Boris Johnson: BBC 'are like vultures' says Anderson
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Lee Anderson, speaking to GB News, was locked in a fierce argument with journalist Nina Myskow over the BBC’s coverage of the Prime Minister’s no-confidence vote on Monday. When Ms Myskow said the BBC was only “mirroring the people” and their beliefs, which, according to the latest polls, are overwhelming out of favour of Mr Johnson, Mr Anderson accused her of “talking nonsense”.
Mr Anderson said: “At the moment, the BBC is actually the official opposition in this country. The Labour Party is next to useless.
“It’s the BBC and the mainstream media that are beating us with a stick. And quite frankly, some of the behaviour from the BBC, they’re like vultures circling.
“They’re pecking at the Prime Minister all the time. Look, I’m not happy with everything he’s done but leave the man alone. Give him a break, and let him get on with running this country.”
After being prompted by GB News host Dan Wootton, Ms Myskow said: “I disagree entirely with Lee.
“Just because someone has a different point of view to the one you do, you think that they are biased.
“There is no witch hunt. A witch hunt is an unfair vendetta, which means it has no authority to attack somebody.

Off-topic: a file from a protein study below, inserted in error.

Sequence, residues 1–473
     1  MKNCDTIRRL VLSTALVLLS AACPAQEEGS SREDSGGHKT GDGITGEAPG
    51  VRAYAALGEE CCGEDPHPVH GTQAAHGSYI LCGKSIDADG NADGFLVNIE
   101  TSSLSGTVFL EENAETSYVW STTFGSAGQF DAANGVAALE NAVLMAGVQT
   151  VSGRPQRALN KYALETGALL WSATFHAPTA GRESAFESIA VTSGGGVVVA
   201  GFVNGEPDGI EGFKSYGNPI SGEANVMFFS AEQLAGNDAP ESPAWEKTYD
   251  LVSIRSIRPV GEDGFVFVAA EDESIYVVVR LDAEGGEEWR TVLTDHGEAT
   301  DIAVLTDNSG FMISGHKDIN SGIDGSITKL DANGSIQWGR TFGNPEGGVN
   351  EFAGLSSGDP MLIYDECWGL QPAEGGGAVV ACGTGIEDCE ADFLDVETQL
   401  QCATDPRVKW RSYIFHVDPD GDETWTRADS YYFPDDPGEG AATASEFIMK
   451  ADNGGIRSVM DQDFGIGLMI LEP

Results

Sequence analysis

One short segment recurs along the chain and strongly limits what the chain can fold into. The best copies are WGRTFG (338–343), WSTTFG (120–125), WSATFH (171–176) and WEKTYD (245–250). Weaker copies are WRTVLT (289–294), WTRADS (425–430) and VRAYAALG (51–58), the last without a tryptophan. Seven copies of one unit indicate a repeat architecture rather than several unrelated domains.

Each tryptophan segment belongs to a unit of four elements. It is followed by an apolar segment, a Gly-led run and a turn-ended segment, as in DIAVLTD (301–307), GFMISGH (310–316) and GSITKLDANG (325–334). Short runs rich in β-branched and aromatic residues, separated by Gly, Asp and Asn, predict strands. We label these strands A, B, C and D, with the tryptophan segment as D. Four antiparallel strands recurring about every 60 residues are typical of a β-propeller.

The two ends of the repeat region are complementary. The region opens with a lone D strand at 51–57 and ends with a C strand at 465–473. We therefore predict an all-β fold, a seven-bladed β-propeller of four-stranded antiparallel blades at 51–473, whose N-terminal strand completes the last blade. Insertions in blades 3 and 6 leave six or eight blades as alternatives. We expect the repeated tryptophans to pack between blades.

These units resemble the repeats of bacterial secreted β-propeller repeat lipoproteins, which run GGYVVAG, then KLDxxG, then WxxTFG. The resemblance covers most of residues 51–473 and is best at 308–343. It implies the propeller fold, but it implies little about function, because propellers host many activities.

“The BBC are only mirroring the people. A YouGov poll has said that 70 percent of people do not want to move on. They are not happy with this.
Mr Anderson, having sarcastically put his thumbs up to his camera during Ms Myskow’s points, said angrily: “When was the last time you spoke to people in my constituency? You’re talking nonsense. Absolute nonsense.”
Boris Johnson will face Parliament for the first time since surviving a confidence vote, with pressure mounting to spell out how he plans to cut taxes to win back support from the 41 percent of Tory MPs who did not back him.
Mr Johnson’s allies can be expected to stage a public show of support when he steps up for his weekly Prime Minister’s Questions session.
But tensions are running high after 148 of the 359 Conservative MPs refused to support him in the vote of confidence.
The range of issues that have caused discontent in the Tory ranks means there is no single response the Prime Minister can make to win over doubters.
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While it was the Sue Gray report into lockdown parties in Downing Street which prompted the confidence vote, it also revealed deep unhappiness among MPs on different wings of the party across a range of issues.
They include promised legislation to override the Northern Ireland Protocol with the EU, as well as concerns over the high levels of tax and spending amid reports that rebel MPs could start staging “vote strikes” on policies they oppose.
In an attempt to rebuild his standing in the party, Mr Johnson has pledged further tax cuts and is under pressure from MPs and ministers to show how he can ease the burden on households and businesses.
After Mr Johnson insisted on Tuesday it remained a “fundamental Conservative instinct” to cut taxes, Chancellor Rishi Sunak used a speech to the Onward think tank to reaffirm his intention to reduce taxes for business in the autumn.
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